Rather than work to dismantle Egypt’s police state infrastructure he sought to co-opt it, believing he could buy off the Interior Ministry and Armed Forces by extending them privileges and raising their budgets. He even appointed an interior minister of their choosing — Mohamed Ibrahim. Why else would he survive Morsi’s overthrow?

The trouble is that the Brotherhood, much like the proverbial porcupine, was brilliantly built for survival in the face of extensive hostility but is a terrible lover. In politics, its inability to build larger political alliances exposed it to enormous vulnerabilities and allowed the military leadership to overthrow the nation’s first elected president while those who elected him applauded and many fervent advocates of democracy lined up to help.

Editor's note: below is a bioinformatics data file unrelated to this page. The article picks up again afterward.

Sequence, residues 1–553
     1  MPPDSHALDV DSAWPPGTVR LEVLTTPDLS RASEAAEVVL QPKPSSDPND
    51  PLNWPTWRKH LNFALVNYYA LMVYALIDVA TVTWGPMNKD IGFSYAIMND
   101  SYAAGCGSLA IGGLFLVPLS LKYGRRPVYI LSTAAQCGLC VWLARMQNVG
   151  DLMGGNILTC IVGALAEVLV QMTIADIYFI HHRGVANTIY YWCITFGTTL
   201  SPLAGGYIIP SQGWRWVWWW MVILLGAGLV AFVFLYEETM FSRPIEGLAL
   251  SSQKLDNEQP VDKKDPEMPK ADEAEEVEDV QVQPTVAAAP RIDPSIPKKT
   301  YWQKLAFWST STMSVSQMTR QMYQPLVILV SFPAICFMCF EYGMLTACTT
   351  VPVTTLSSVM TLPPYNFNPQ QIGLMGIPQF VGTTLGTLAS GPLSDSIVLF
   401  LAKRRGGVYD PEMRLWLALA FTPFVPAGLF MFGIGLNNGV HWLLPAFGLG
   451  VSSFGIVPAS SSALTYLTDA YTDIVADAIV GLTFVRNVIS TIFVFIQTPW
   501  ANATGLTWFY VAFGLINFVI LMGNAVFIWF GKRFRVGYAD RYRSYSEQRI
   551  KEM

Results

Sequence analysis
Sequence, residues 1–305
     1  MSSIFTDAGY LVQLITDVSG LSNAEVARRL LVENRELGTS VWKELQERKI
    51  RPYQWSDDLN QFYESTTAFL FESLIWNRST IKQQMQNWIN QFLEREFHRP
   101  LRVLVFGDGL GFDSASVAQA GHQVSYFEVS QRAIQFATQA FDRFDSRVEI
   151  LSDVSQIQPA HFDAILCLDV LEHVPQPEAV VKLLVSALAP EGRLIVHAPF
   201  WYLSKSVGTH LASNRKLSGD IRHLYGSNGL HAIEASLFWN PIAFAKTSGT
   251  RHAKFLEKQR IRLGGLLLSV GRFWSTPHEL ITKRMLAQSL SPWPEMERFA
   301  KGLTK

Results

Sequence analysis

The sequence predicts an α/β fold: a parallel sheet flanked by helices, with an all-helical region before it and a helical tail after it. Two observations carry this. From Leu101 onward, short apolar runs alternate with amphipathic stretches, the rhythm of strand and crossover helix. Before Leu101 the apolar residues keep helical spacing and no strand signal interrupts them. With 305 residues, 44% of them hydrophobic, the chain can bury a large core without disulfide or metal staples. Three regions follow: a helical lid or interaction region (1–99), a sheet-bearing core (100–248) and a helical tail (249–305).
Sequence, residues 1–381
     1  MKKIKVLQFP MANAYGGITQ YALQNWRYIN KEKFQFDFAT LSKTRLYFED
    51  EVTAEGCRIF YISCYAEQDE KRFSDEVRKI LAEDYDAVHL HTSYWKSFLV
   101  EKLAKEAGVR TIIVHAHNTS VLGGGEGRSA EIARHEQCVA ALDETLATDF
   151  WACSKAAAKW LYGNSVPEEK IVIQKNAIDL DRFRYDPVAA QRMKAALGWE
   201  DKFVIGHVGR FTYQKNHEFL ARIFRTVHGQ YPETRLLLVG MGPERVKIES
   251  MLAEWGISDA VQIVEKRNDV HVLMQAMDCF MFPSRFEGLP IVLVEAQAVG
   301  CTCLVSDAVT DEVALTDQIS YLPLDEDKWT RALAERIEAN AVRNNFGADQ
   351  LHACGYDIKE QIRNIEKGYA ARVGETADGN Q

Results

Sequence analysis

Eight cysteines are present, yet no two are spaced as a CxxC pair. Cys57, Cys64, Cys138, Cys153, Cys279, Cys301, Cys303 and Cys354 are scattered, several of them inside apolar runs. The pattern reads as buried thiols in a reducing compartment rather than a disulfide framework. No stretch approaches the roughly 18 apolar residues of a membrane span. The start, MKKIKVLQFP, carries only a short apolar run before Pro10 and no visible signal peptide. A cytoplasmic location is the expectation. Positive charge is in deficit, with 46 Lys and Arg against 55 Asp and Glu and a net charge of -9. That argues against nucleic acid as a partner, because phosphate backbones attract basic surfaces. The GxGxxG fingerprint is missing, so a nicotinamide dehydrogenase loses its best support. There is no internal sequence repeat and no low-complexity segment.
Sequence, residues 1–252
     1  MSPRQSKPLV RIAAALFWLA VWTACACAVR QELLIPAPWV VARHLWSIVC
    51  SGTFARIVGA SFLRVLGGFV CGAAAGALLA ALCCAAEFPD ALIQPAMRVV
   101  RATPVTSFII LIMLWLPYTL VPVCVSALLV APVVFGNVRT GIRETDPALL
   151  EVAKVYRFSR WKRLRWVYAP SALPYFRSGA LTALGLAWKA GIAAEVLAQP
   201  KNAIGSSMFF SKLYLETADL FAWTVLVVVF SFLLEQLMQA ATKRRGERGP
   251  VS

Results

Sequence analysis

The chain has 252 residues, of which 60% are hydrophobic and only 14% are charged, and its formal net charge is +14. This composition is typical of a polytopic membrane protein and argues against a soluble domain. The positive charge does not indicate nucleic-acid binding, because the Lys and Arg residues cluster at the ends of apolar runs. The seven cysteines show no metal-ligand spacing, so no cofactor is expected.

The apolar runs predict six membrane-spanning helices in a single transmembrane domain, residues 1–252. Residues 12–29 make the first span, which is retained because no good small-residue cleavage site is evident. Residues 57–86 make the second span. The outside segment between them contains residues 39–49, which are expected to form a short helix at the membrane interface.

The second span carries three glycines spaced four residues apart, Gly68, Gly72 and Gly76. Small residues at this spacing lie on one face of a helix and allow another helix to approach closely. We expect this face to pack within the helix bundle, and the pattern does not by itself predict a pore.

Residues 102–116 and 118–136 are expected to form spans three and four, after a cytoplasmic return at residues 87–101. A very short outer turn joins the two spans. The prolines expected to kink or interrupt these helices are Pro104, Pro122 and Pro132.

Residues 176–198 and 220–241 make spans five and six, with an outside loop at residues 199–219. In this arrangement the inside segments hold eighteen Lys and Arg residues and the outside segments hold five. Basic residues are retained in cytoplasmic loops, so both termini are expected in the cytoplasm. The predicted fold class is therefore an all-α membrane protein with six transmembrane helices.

Today we are faced with beginning anew once more. The non-Islamist (there are few words less apt to describe them than “liberal”) former opposition is pegging its hopes on the officer corps just as the Brotherhood did in 2011 and, lest we forget, 1952, believing that the military that had the power to deliver them to the seats of government will leave them to govern as they see fit. Should a conflict of interest arise it will be easier to dispatch with the National Salvation Front (NSF) than it was to remove the Brotherhood. Unlike the Brotherhood, the NSF has neither a substantial ground organization nor ideological base. The government seats it holds today are entirely thanks to the country’s real military rulers in concert with a 48-hour street demonstration the NSF did not even organize.